#44305
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MountainBiker
Survivalist
member10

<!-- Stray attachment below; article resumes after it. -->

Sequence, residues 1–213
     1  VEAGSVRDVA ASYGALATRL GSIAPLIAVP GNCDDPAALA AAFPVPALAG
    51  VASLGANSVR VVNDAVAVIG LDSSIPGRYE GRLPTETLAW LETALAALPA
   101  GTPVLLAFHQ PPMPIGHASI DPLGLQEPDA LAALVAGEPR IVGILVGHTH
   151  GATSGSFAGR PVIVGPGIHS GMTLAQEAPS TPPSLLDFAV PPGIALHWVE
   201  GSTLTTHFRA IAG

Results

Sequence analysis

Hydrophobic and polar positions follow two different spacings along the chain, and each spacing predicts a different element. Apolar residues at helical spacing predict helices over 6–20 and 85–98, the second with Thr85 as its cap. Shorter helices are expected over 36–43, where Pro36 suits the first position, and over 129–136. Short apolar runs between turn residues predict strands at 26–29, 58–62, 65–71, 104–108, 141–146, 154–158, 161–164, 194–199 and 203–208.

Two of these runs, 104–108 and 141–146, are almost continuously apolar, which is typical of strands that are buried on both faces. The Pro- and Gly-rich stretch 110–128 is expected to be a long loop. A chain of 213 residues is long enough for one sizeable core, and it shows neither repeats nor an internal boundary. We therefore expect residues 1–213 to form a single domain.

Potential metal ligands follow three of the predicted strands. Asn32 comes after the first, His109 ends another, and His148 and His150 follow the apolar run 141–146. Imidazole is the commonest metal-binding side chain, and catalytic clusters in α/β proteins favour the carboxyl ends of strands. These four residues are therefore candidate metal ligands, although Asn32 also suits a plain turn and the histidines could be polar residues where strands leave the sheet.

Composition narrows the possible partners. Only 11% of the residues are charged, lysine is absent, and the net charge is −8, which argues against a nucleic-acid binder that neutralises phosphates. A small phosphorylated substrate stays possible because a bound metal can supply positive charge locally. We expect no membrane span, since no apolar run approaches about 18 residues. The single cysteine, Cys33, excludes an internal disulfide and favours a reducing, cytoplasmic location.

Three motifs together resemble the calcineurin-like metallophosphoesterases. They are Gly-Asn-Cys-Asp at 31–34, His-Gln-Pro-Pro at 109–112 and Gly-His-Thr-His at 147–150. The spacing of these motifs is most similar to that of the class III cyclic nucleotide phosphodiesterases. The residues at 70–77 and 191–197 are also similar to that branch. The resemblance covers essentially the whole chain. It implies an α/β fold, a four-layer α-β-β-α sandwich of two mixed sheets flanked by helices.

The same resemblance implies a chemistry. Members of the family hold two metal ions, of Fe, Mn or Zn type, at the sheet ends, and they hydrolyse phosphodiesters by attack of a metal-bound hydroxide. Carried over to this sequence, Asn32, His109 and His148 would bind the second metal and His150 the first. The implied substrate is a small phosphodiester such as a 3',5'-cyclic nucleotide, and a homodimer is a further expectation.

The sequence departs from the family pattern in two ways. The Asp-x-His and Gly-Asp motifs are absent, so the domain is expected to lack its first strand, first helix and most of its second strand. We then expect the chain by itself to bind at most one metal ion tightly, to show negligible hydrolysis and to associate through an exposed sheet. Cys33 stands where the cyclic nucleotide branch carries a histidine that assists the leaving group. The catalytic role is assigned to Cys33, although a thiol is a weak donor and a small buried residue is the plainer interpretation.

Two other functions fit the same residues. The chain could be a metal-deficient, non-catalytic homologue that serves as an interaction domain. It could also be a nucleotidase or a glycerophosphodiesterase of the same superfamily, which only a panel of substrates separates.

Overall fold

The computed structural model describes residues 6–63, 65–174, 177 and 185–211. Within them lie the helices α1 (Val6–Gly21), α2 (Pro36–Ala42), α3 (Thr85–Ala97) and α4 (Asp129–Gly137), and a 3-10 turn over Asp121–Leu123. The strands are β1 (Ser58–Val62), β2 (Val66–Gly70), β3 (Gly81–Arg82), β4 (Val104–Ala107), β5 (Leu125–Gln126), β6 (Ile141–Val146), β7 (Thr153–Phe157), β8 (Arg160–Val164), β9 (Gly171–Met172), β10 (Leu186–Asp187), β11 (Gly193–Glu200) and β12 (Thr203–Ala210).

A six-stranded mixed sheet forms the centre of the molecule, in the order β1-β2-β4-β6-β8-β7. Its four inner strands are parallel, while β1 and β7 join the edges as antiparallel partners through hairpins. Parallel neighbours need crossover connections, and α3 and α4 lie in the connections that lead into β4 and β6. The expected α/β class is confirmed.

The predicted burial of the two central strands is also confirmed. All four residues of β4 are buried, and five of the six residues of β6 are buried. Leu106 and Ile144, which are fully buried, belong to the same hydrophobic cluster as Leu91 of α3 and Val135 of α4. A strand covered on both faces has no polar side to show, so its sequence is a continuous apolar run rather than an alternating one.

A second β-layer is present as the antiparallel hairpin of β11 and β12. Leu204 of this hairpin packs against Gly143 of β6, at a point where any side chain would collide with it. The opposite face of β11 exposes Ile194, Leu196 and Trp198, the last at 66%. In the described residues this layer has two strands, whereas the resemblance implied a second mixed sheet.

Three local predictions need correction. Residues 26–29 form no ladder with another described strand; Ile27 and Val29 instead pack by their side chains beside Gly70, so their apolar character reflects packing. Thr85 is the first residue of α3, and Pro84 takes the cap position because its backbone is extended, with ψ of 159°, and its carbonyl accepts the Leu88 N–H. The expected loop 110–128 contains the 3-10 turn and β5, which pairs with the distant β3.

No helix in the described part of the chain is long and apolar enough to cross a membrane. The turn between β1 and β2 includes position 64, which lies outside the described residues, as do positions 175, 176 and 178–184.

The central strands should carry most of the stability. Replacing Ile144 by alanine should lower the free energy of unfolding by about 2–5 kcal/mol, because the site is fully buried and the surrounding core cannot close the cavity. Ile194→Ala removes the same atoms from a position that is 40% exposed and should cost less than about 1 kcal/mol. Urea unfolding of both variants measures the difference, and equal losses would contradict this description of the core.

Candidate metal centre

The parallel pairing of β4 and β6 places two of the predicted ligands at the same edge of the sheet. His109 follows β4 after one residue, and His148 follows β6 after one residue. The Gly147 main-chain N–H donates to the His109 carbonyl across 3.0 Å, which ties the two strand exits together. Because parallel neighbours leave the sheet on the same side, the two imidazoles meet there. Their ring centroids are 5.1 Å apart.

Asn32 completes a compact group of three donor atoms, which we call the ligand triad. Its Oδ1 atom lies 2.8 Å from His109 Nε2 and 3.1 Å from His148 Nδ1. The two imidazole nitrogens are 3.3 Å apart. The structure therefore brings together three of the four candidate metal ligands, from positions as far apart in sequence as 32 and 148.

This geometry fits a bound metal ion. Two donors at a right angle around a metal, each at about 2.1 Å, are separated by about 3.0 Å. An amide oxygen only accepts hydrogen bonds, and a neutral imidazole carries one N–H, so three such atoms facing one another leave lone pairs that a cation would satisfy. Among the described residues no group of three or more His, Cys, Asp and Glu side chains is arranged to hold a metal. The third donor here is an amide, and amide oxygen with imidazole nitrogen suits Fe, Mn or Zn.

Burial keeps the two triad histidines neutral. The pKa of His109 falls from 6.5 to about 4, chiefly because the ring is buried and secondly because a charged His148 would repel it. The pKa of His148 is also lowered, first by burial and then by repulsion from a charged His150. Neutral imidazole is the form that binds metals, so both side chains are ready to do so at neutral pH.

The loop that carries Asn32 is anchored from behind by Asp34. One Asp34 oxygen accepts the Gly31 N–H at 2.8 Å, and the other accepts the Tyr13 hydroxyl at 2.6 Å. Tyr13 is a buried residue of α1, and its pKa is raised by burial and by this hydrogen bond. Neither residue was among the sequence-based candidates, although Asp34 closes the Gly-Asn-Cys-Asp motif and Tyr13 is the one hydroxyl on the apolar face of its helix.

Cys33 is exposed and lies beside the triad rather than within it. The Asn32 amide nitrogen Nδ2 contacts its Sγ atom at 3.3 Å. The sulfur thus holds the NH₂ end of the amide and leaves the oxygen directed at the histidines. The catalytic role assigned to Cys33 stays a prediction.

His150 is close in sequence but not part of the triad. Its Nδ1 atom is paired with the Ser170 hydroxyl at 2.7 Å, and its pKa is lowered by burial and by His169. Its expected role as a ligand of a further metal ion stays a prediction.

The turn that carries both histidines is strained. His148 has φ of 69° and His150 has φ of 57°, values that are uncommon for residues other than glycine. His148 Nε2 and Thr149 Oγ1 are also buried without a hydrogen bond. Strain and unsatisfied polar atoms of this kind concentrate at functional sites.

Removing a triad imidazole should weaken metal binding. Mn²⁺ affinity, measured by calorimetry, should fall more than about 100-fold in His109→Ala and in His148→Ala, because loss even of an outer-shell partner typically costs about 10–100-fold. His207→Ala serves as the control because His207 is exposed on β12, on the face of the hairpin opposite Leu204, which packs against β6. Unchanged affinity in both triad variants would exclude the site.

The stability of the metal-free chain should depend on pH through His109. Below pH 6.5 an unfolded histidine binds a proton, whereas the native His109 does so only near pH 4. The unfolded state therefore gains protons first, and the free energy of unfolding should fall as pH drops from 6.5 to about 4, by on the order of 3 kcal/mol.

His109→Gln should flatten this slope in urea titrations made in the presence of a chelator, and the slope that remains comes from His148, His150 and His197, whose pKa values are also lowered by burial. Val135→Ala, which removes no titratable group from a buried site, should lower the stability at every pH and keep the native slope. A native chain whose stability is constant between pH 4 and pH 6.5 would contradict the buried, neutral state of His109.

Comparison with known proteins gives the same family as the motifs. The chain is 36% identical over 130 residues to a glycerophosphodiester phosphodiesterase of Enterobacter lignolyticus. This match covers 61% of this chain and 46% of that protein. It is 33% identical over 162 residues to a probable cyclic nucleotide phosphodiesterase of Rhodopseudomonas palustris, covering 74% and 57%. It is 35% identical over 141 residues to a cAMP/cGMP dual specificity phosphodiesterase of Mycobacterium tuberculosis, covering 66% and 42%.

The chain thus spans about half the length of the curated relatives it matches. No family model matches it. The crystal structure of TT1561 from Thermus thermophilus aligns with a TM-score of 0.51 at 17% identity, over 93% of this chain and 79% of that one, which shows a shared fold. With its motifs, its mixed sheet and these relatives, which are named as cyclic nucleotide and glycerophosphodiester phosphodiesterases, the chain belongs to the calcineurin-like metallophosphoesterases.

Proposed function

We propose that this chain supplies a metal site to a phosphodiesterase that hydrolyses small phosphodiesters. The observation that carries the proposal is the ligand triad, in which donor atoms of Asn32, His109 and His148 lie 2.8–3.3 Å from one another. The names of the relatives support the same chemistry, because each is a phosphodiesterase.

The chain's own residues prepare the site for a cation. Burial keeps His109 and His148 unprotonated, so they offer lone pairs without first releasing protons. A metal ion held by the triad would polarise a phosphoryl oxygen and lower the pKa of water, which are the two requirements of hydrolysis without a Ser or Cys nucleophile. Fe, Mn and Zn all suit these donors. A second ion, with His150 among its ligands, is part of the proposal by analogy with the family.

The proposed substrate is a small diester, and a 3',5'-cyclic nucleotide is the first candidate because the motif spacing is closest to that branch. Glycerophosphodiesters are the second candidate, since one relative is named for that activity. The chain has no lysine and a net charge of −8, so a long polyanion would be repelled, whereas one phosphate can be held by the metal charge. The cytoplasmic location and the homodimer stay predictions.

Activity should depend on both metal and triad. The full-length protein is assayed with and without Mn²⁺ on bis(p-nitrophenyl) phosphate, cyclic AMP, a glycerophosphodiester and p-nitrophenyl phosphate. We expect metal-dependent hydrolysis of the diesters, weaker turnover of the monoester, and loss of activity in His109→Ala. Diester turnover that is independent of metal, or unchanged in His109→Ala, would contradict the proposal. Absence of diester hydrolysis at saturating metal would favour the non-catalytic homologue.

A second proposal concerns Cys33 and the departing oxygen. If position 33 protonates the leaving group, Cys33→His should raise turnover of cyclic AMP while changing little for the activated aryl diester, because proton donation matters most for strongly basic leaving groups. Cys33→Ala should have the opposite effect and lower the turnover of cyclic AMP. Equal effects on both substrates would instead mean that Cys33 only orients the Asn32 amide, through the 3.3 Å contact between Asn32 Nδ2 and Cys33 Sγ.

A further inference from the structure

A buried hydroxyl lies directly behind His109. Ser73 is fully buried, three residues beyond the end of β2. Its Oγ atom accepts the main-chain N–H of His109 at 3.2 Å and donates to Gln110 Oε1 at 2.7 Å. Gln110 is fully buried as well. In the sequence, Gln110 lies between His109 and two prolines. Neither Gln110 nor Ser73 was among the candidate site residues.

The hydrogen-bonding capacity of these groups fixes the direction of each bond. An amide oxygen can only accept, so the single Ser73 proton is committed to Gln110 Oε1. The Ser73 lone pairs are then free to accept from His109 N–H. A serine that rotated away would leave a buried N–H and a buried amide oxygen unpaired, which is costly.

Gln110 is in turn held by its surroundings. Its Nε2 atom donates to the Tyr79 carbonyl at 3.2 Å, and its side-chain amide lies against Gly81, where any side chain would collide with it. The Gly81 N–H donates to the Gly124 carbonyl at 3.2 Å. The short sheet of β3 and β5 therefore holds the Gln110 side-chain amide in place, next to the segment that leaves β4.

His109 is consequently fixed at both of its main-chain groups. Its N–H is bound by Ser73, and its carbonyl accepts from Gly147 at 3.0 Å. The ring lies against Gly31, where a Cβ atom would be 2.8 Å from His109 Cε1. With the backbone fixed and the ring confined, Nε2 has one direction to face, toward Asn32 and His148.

sledjockey & GS, I agree that people get over-medicated, I think in part because there is money to be made in the prescriptions and in all of the follow-up appointments to see how the meds are working. Going astray a bit from the SSRI’s discussion, whereas doctors are under pressure to churn through as many patients as they can given lower margins per patients, my observation is that hospitals have bought up so many medical practices that then have an incentive to over-order tests and treatments. 10 years ago my primary care physician found microscopic blood in a urine sample taken as part of an annual physical. He ordered an ultrasound which found the bladder tumors and a couple weeks later I had surgery. Last week microscopic blood was found in a urine sample my wife gave. Rather than a relatively inexpensive ultrasound what her doctor (part of the hospital network) ordered was a CT Scan with contrast dye and also a cystoscopy. Same issue (blood in urine), same suspected problem (bladder cancer), but far more expensive diagnosis that just 10 years ago. You don’t want to get me going about how the bills get churned with unnecessary tests and treatments for Medicare patients. We had a front ring seat with my in-laws in their final years.